“Here, the caregiver delegates the physical care to our staff so that loved ones are freed to provide the emotional care they would often otherwise be too exhausted to offer,” says Debra. “These veterans answered their country’s call when it was needed — we want them to know now that their country is there for them.”
Sheila Brown, a nurse at Warriors Walk, and Harold Bloom, a patient, play a game of cards in the unit’s solarium.
Many of the staff members at Warriors Walk also have served in the United States military, and at least half of the staff have hospice experience. Every detail of a patient’s stay reflects this, giving a special touch that often is needed.
Cheryl Addison, a nursing assistant on the unit, explains the unique approach that culminates the patient’s stay at Warriors Walk. “At the time of death, we present to the family a nameplate with the veteran’s branch and years of service, as well as the handcrafted afghan that was used throughout their stay.” The staff and family also pause to have a Ceremony of Remembrance. For this, they gather together at the beautiful landscape mural donated by artist Suzie Shealy, mother of fallen soldier Sgt. Joseph Derrick. A miniature golden footprint with the vet’s name and date of death is placed on the mural. The family chooses where the veteran’s “footprint” should be placed, kind of like a visual final resting place. Everyone is given the opportunity to share memories that honor their vet. It proves to be an incredible time for both the family and staff together to pay tribute to the veteran and his or her life.
Immediately after a patient’s passing, family and friends gather for a Ceremony of Remembrance at this mural.
There are many other aspects that make this unit unique. For example, once death becomes imminent, hospitality baskets are provided so that the family does not have to leave the bedside for snacks or other essentials. And the entire family is encouraged to come; with updated shot records, even a special pet is considered an essential visitor.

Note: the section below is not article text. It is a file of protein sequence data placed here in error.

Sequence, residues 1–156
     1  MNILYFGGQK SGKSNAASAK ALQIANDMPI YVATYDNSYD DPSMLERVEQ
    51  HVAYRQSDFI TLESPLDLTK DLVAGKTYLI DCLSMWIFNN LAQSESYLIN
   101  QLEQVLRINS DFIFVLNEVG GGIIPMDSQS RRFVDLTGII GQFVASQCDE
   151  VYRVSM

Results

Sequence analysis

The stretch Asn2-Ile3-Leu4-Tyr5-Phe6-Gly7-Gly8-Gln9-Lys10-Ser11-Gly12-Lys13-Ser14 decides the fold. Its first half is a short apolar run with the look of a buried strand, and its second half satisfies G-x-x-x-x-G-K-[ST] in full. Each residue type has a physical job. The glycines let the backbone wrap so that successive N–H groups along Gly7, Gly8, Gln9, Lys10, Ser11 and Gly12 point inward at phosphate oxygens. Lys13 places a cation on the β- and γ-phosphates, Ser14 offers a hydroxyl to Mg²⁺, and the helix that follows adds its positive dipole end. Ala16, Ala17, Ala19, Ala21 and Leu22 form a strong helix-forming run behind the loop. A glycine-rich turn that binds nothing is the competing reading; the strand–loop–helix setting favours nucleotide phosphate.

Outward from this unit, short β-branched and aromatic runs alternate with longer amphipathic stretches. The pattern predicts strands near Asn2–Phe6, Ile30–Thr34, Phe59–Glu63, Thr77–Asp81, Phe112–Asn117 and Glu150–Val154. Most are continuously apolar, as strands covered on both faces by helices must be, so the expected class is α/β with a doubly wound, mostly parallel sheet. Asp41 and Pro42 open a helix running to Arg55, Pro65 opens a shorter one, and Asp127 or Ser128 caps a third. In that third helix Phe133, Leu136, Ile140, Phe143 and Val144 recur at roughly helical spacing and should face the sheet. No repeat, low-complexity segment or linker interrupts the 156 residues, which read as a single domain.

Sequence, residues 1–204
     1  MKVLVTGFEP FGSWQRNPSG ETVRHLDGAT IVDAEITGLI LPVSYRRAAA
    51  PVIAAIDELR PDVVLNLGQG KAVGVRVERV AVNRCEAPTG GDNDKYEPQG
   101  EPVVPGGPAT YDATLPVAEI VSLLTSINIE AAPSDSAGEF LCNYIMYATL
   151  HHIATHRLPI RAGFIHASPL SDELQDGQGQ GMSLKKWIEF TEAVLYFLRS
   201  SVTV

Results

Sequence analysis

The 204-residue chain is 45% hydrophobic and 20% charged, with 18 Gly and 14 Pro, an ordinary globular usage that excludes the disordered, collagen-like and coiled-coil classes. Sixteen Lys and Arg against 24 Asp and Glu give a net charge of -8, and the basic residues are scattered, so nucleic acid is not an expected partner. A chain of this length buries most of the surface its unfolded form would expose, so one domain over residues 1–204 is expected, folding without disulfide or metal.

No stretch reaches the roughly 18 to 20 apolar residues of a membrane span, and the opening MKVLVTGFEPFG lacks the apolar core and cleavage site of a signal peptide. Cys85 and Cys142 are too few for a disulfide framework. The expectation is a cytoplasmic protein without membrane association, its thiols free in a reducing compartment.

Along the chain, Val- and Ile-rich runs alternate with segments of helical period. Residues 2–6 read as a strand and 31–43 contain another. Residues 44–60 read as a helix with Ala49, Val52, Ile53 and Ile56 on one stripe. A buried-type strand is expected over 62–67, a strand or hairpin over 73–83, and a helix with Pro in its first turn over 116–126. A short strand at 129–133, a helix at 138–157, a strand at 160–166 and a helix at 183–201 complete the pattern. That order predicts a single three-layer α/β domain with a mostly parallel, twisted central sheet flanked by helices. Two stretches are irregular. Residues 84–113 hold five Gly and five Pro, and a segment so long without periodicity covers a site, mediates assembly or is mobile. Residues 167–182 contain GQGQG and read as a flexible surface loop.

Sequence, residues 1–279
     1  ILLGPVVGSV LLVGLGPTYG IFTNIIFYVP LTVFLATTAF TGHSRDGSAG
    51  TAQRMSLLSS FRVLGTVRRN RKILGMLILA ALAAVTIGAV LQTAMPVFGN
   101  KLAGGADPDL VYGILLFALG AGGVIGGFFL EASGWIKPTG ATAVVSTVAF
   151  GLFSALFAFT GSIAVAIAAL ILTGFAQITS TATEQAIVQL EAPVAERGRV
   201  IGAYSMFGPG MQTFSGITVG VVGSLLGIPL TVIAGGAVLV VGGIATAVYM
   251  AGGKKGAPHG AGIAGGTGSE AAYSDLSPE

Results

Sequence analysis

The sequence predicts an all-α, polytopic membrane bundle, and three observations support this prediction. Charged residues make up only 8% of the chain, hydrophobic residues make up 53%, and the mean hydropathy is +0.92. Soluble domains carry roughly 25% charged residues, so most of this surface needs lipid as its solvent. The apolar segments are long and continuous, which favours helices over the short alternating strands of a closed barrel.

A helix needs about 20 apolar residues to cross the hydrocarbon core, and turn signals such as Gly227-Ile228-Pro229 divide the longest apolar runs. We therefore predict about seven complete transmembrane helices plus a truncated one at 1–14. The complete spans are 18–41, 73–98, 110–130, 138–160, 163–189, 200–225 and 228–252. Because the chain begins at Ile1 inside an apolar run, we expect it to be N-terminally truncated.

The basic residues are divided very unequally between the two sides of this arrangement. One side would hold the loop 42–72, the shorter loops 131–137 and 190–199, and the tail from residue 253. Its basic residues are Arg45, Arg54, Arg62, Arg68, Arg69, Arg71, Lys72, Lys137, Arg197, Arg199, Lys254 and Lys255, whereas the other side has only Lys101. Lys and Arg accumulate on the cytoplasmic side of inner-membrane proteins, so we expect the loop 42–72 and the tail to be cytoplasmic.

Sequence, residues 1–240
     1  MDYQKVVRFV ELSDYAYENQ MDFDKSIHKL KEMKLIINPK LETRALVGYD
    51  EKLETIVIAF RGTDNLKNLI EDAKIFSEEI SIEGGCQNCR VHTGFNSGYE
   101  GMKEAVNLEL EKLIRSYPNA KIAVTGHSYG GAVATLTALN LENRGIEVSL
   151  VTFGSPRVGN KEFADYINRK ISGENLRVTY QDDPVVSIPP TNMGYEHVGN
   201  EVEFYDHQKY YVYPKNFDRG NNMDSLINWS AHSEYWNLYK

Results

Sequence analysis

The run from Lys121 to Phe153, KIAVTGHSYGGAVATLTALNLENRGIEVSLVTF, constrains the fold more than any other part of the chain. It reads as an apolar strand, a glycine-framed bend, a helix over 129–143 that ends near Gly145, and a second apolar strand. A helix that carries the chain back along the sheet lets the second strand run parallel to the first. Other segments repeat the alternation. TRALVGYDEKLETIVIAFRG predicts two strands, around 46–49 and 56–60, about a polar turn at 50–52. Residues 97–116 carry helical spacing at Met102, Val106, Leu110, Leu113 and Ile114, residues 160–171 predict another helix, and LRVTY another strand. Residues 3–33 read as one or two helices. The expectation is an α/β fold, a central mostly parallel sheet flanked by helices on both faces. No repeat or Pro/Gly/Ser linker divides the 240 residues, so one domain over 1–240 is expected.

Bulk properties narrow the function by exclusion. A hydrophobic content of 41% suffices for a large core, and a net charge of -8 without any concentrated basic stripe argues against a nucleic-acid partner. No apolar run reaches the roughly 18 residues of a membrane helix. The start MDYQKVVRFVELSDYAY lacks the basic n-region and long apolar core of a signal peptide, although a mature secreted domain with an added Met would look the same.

“Bereavement starts the day they come to this unit,” says Susan Zourzoukis, LMSW, the unit’s social worker. “The vets have made some important decisions and are looking at a loss of routines, plans and roles. The goal of our care is to bring them to the point of saying, ‘I am ready.”
“For a lot of these vets, death and pain are the enemy,” explains Susan. “It’s like they have an ‘I have to be on watch’ mentality, but we let them know upon arrival that we have their backs and are keeping watch for them, so they don’t have to.”
The staff seeks in every patient interaction to bring honor to the dying process. “When we thank our veterans and families for their service to our country and for choosing Warriors Walk, we acknowledge that they are warriors,” says Debra. “It’s vital for a veteran to grieve their losses and show their emotions as they prepare for impending death. We never encourage families to give up hope, but their hopes change, from the hope for a cure to the hope for a peaceful death for their veteran.”
Though the terms “hospital” and “hospice” are derived originally from Latin and do imply hospitality, today’s hospitals are often perceived as anything but welcoming. Often patients and families may report feeling intimidated, lost and fearful. But visiting the Warriors Walk is like strolling into a surreal medical experience. The quiet, peaceful hallway seems to defy all that is normally associated with a modern medical center. There is value placed on the whole patient, including emotional and spiritual aspects, as well as relationships with loved ones. The pace in the hallways is unhurried and welcoming. And the staff seems as though they feel it is a privilege just to be at work.
Debra summarizes beautifully: “Uniformly the staff says what a privilege it is to sit with a vet when they are dying, and to know that our faces are the last ones they see before they see the face of God.”